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Ch0110 - Chapter 10 Constant Acceleration Problems in Two...

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Chapter 10 Constant Acceleration Problems in Two Dimensions 52 10 Constant Acceleration Problems in Two Dimensions In solving problems involving constant acceleration in two dimensions, the most common mistake is probably mixing the x and y motion. One should do an analysis of the x motion and a separate analysis of the y motion. The only variable common to both the x and the y motion is the time. Note that if the initial velocity is in a direction that is along neither axis, one must first break up the initial velocity into its components. In the last few chapters we have considered the motion of a particle that moves along a straight line with constant acceleration. In such a case, the velocity and the acceleration are always directed along one and the same line, the line on which the particle moves. Here we continue to restrict ourselves to cases involving constant acceleration (constant in both magnitude and direction) but lift the restriction that the velocity and the acceleration be directed along one and the same line. If the velocity of the particle at time zero is not collinear with the acceleration, then the velocity will never be collinear with the acceleration and the particle will move along a curved path. The curved path will be confined to the plane that contains both the initial velocity vector and the acceleration vector, and in that plane, the trajectory will be a parabola. (The trajectory is just the path of the particle.) You are going to be responsible for dealing with two classes of problems involving constant acceleration in two dimensions: (1) Problems involving the motion of a single particle. (2) Collision Type II problems in two dimensions We use sample problems to illustrate the concepts that you must understand in order to solve two-dimensional constant acceleration problems. Example 10-1 A horizontal square of edge length 1 . 20 m is situated on a Cartesian coordinate system such that one corner of the square is at the origin and the corner opposite that corner is at (1 . 20 m, 1 . 20 m). A particle is at the origin. The particle has an initial velocity of 2 . 20 m/s directed toward the corner of the square at (1 . 20 m, 1 . 20 m) and has a constant acceleration of 4 . 87 m/s 2 in the +x direction. Where does the particle hit the perimeter of the square?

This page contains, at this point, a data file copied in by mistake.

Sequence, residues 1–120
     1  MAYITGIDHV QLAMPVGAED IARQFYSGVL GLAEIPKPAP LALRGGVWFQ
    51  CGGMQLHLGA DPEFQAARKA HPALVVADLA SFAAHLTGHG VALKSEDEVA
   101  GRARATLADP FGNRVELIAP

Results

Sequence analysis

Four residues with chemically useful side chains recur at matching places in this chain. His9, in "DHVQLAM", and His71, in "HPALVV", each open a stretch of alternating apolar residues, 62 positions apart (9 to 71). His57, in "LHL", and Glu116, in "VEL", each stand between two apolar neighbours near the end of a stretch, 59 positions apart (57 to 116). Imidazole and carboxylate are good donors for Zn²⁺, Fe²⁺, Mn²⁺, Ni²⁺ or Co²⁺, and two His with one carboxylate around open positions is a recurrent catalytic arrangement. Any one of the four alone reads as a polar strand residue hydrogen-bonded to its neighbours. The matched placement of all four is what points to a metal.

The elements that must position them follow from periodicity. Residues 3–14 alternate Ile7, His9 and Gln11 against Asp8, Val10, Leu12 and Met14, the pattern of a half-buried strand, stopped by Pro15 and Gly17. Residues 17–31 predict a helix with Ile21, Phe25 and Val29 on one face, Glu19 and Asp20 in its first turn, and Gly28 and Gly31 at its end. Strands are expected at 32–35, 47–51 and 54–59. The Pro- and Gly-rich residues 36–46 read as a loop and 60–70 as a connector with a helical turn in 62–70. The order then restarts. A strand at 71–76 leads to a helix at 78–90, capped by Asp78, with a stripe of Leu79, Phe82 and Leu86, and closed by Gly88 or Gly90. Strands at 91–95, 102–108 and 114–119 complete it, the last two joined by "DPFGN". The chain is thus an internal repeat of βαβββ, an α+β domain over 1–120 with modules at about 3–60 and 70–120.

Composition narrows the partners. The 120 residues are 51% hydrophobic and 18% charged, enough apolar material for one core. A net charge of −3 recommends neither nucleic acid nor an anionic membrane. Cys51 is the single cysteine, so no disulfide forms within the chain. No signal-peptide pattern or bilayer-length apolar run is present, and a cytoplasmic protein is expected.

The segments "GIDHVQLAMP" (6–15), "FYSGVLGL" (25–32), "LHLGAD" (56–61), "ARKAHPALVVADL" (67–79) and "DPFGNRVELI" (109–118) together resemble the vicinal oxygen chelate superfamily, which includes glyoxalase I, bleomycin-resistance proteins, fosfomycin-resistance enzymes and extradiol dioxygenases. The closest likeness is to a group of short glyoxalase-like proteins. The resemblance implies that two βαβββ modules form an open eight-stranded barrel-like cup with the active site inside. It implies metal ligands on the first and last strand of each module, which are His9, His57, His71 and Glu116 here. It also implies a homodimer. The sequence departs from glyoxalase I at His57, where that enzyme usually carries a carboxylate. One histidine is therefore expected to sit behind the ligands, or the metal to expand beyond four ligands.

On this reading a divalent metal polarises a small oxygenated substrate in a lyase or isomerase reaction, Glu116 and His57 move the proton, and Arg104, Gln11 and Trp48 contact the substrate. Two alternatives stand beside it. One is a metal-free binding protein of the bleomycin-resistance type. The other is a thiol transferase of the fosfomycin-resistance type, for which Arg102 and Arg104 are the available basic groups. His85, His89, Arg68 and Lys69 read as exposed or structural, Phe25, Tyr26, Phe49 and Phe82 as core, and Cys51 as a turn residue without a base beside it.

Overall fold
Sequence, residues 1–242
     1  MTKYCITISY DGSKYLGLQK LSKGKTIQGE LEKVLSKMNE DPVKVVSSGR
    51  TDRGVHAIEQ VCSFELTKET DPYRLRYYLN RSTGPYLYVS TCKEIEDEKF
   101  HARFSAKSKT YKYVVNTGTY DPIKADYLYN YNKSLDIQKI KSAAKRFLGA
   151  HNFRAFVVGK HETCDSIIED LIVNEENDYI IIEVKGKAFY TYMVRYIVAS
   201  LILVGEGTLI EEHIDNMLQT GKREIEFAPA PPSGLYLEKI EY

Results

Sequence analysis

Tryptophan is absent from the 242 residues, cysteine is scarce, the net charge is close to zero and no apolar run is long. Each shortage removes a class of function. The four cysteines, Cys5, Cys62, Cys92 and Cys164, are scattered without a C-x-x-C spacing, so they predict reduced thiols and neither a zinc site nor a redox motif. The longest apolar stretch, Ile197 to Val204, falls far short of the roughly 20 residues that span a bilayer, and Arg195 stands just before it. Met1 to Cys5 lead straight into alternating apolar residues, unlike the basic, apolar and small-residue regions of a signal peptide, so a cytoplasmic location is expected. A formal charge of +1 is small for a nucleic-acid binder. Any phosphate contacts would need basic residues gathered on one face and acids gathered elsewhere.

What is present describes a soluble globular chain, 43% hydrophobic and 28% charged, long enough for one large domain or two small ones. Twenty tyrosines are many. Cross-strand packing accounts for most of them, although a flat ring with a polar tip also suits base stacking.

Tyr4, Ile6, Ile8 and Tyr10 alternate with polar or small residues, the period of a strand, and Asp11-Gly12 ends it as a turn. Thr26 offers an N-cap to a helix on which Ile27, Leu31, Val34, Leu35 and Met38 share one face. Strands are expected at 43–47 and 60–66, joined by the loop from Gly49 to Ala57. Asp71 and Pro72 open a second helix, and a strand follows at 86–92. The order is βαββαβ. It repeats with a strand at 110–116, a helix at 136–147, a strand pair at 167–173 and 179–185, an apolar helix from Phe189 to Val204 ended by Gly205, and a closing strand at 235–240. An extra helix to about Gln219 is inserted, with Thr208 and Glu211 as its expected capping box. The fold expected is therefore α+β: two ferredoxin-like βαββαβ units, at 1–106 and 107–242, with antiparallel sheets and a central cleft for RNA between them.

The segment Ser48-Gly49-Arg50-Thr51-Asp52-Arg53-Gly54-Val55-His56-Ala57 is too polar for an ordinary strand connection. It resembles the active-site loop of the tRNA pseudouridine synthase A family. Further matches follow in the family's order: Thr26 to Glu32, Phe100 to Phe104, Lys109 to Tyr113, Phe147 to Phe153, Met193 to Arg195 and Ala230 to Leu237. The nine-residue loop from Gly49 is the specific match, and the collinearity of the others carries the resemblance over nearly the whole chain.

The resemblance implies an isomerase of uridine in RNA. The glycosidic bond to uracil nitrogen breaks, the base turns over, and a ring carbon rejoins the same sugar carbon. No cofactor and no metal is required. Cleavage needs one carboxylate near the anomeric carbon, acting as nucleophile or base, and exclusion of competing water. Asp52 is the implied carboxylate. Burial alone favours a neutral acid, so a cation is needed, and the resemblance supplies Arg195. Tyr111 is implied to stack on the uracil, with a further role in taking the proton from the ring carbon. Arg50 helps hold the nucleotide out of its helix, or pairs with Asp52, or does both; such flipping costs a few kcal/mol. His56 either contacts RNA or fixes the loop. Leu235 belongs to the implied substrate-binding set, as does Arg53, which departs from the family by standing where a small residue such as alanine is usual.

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Chapter 10 Constant Acceleration Problems in Two Dimensions 53 Solution and Discussion Let’s start with a diagram. Now let’s make some conceptual observations on the motion of the particle. Recall that the square is horizontal so we are looking down on it from above. It is clear that the particle hits the right side of the square because: It starts out with a velocity directed toward the far right corner. That initial velocity has an x component and a y component. The y component never changes because there is no acceleration in the y direction. The x component, however, continually increases. The particle is going rightward faster and faster. Thus, it will take less time to get to
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